**News**- On 27th June, 2010 NVIDIA released CUDA 3.1 and on 21st July, released Parallel Nsight 1.0. The download sites for CUDA Toolkit 3.1 and NVIDIA Parallel Nsight 1.0 are here and here, respectively.

I recently wrote a small piece of code using CUDA to solve a 1D heat transfer problem. The heat transfer happens along the material whose properties are density

*ρ*= 930 kg/m

^{3}, specific heat

*C*= 1340 J/(kg K) and thermal conductivity

_{p}*k*= 0.19 W/(m K). As shown in the figure below, the computation region is illustrated by the thick orange line; the total distance is 1.6 m. There are two boundary conditions attached: at the left end, the temperature is fixed to be 0

^{o}C, while at the right end, a heat flux

*q*= 10 W/m

^{2}is imposed.

If the initial temperature for the entire region is 0

^{o}C, I want to calculate the temperature distribution along the region after 10 seconds' heat propogation.

In the previous figure, the governing heat equation, in partial differential form, has been given. It is then discretised for the internal region, i.e. the orange line, and the right end boundary, which is redly circled, respectively. In the computation, I discretised the entire distance, 1.6 m, into 32768 elements - within CUDA, 64 blocks can be used to handle these elements. On the other hand, for the time marching iteration, the time step can be determined as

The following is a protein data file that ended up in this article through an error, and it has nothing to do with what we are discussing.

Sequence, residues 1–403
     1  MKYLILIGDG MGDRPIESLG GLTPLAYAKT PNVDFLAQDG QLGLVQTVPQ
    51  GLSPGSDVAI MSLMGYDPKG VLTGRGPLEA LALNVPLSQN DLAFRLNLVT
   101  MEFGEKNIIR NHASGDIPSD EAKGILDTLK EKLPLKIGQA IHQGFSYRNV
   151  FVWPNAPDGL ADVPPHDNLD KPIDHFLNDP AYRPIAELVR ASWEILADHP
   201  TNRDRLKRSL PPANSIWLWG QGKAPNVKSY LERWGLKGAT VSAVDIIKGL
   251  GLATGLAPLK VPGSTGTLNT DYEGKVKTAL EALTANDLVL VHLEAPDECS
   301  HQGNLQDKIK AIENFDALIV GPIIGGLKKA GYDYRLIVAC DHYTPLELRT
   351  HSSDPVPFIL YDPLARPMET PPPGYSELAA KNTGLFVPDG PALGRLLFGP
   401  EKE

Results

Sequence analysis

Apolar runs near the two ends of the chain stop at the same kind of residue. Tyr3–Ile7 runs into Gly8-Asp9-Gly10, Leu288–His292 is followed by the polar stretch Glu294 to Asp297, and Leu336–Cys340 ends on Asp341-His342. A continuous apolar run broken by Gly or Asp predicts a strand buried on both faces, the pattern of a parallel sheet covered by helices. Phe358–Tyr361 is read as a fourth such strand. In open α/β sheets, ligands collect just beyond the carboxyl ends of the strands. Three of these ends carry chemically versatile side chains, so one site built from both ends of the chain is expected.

in which

*α*is the thermal diffusivity.

The calculation results, with the help of CUDA and based on

**float**operation, are depicted as

The temperature values for x < 1.5926 m are all zero; therefore they are neglected in the picture. In order to verify the results, the same calculation was also implemented onto CPU and even COMSOL software. The implementation on CPU gave

The interesting thing concerns us is the code efficiency. Once again, I used CUDA 3.1 on my GeForce 9800 GTX+ and a single core of the Q6600 CPU, and the time durations elapsed on the GPU and the CPU for the same calculation are 1.43 s and 5.04 s, respectively. The speedup is 3.52. This speedup value is not that attractive, but it is actually supposed to be much higher when there are much more discretised elements.

I also record the temperature development, in a transient process, of the right end boundary, at which there is heat flux injected. The 10 seconds development curve is illustrated as

I didn't find an easy way to paste source code onto the blog. If you are interested, please leave a comment and the related code can be shared in any way.